Using the case study of the border between Northern Ireland and the Republic of Ireland, this paper addresses a number of key issues related to borders and tourism: attractivity and co-operation. Visitor data from 1994 to 1997, reveals that the border itself does not function as a tourist attraction, but rather there is sufficient attraction within what is identified in the paper as a border zone. Attention is given to examining heritage attractions (those receiving over 5000 per year, and those that are free) as the position taken in the paper is that heritage tourism best encapsulates the experience available to the visitor. Results show there to be no difference between attendance at attractions within the border zone and those outside it. The border is not key to influencing movement, but rather represents a barrier where tourism flows have been strongly influenced by the history of conflict that has characterized Northern Ireland over the last 30 years. Discussion is also presented on co-operation, particularly how the signing of the Good Friday peace Agreement (April 10, 1998) may create opportunities to develop formalized links with the Republic of Ireland, those specifically directed at tourism, helping to foster greater cross-border movement of visitors.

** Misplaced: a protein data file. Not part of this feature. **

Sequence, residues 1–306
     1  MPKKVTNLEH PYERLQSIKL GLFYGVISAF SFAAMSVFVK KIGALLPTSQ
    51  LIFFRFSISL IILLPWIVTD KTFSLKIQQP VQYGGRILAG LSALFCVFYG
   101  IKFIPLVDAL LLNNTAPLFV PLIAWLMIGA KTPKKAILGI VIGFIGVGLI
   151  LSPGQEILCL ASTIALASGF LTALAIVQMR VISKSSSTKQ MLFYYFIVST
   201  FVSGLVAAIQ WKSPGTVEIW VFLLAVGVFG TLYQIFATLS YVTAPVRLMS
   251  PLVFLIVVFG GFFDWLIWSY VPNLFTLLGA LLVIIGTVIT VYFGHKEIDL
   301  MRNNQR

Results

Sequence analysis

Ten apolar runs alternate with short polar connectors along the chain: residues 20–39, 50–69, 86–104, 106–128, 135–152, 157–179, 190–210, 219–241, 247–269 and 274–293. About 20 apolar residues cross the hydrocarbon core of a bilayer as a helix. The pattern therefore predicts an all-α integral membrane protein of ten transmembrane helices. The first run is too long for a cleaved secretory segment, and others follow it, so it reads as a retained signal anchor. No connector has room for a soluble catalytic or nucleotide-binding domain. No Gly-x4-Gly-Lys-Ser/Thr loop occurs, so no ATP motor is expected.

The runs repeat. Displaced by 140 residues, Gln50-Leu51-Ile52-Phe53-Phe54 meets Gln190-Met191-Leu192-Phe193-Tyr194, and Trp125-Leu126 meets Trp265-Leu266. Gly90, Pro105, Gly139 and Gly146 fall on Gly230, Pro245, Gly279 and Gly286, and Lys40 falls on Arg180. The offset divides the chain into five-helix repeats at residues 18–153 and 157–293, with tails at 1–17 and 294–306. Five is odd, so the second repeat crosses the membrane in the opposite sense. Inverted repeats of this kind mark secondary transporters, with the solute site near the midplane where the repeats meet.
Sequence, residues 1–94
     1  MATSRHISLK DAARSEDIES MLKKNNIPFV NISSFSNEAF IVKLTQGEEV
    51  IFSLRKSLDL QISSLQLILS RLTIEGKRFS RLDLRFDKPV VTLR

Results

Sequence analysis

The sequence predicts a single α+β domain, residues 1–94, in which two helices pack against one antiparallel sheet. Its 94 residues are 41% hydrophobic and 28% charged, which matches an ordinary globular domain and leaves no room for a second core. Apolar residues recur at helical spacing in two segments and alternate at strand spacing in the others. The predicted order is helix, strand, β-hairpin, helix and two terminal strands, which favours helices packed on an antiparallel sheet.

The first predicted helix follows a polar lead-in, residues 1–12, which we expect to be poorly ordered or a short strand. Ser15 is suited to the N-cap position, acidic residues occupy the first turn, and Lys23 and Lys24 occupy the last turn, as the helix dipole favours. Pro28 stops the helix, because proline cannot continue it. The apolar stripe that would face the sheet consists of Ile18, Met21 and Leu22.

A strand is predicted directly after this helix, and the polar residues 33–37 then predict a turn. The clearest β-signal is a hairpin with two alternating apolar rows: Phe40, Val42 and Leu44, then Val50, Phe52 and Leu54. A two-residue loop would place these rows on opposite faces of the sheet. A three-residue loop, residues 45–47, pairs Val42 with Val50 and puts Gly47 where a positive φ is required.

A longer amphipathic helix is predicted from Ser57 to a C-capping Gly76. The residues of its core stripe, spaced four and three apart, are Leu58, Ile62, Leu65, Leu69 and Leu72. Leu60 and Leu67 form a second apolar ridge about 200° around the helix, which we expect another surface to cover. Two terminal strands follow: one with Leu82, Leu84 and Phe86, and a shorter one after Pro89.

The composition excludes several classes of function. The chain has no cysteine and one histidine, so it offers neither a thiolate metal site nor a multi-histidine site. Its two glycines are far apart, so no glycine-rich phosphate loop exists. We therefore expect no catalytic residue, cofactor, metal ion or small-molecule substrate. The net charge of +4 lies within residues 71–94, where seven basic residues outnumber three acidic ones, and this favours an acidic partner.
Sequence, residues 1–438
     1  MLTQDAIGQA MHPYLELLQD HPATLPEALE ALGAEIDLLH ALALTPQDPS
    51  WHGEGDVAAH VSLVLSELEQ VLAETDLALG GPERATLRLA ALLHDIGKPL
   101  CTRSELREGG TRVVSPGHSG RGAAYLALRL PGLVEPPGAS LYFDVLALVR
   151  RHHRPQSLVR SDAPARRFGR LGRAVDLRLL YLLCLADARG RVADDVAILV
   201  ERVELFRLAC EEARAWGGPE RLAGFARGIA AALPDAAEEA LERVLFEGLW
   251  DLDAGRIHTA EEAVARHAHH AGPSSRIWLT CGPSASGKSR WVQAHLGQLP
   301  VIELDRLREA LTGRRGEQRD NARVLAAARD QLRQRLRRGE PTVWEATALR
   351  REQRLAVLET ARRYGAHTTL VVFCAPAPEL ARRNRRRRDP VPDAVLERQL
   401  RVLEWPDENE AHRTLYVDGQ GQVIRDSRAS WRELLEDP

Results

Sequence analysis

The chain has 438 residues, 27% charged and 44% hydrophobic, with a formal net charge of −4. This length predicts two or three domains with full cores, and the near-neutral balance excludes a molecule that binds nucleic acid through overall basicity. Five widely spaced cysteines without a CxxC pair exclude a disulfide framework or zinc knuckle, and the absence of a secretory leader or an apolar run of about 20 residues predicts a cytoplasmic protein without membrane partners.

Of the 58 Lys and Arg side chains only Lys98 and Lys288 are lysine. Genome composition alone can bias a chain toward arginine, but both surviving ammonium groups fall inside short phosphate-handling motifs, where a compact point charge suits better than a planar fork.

"North-South Divide: The Role of the Border in Tourism to Northern Ireland,"
Visions in Leisure and Business: Vol. 17
, Article 5.
Available at: https://scholarworks.bgsu.edu/visions/vol17/iss4/5